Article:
A person might experience swollen feet for a number of reasons. Some causes, such as minor injury, are apparent and easy to treat. Others, however, may be signs of a serious underlying health condition that needs prompt medical attention.
Here, we take a look at some of the reasons why a person’s feet may appear swollen, when they should talk to a doctor, and what the treatment might involve.
Edema is the medical term for swelling that occurs when fluid becomes trapped in the body’s tissues. It usually affects the legs and feet but can also occur in other parts of the body, such as the face or abdomen.
Other signs of edema include:
- shiny, stretched skin over the affected area
- skin that stays dimpled after pressing it
- discomfort and reduced mobility
- coughing or difficulty breathing, if it affects the lungs
Edema may go away by itself, or there may be an underlying cause that needs medical treatment.
Home remedies include wearing support stockings, reducing salt intake, and lying down while raising the legs above the chest.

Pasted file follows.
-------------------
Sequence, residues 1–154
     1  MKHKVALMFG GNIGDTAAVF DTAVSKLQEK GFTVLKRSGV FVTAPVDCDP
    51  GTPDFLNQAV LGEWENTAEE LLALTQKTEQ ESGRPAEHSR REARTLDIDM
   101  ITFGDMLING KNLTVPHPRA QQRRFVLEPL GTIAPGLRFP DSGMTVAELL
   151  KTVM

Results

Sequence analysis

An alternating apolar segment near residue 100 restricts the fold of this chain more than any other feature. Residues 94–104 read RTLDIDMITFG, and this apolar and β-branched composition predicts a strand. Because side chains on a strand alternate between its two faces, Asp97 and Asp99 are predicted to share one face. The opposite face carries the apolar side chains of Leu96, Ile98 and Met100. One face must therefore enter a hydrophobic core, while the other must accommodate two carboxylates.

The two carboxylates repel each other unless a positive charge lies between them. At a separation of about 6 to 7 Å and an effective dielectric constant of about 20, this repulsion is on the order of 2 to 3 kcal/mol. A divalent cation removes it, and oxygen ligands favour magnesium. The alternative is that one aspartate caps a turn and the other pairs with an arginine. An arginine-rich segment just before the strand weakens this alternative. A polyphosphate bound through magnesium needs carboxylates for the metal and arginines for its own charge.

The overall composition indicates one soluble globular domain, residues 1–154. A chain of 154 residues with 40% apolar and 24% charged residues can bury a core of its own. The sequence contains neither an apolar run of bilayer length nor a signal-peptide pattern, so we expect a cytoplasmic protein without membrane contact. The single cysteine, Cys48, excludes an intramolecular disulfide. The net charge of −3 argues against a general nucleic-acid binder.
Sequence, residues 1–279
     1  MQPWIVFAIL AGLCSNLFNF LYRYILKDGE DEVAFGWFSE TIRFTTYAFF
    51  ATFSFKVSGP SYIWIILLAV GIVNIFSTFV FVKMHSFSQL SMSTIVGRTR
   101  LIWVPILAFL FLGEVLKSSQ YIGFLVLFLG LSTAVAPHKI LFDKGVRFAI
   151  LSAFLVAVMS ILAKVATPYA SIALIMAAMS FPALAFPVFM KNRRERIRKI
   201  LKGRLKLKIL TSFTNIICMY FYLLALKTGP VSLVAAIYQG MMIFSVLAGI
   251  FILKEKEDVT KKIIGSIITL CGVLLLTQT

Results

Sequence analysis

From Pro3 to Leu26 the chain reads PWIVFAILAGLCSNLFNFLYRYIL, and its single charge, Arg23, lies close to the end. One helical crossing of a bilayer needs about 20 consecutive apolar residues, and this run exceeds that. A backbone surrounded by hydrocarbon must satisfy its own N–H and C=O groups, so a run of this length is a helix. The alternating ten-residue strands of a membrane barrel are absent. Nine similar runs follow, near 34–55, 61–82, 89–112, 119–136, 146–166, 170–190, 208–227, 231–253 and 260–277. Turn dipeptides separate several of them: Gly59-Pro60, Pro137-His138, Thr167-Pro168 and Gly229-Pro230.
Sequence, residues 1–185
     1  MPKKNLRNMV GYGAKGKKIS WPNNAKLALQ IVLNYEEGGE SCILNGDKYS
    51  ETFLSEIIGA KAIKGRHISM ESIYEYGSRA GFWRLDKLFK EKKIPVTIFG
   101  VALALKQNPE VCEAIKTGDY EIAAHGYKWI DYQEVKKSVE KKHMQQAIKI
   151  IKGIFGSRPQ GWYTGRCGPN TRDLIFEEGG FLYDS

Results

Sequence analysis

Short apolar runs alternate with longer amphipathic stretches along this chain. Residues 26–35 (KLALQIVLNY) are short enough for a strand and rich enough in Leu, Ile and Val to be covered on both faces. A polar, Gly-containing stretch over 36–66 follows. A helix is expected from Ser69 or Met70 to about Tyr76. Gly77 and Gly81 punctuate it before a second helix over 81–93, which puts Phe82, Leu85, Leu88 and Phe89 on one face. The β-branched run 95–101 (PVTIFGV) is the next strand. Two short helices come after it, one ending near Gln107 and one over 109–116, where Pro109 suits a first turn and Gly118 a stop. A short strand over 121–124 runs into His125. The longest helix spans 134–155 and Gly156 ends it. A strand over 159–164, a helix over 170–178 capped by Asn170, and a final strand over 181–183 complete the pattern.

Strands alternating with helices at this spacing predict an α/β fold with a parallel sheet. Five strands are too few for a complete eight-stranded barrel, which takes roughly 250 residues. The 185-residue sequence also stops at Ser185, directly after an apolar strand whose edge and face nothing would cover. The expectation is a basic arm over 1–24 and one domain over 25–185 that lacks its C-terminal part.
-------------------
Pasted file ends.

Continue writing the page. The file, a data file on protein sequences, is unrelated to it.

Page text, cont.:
If the swelling does not improve, a person should talk to their doctor to check for any underlying causes.
Trauma to the foot or ankle can cause swelling in this area of the body.
For example, a sprained ankle, which occurs when the ligaments become overstretched, could cause the foot to swell.
To treat a foot or ankle injury, a person should elevate the foot when possible and try not to bear weight on the affected leg.
Using an ice pack or compression bandage can help reduce swelling, and over-the-counter pain relievers can help ease discomfort.
If the swelling and pain do not go away, a person might need to see their doctor to rule out more severe damage.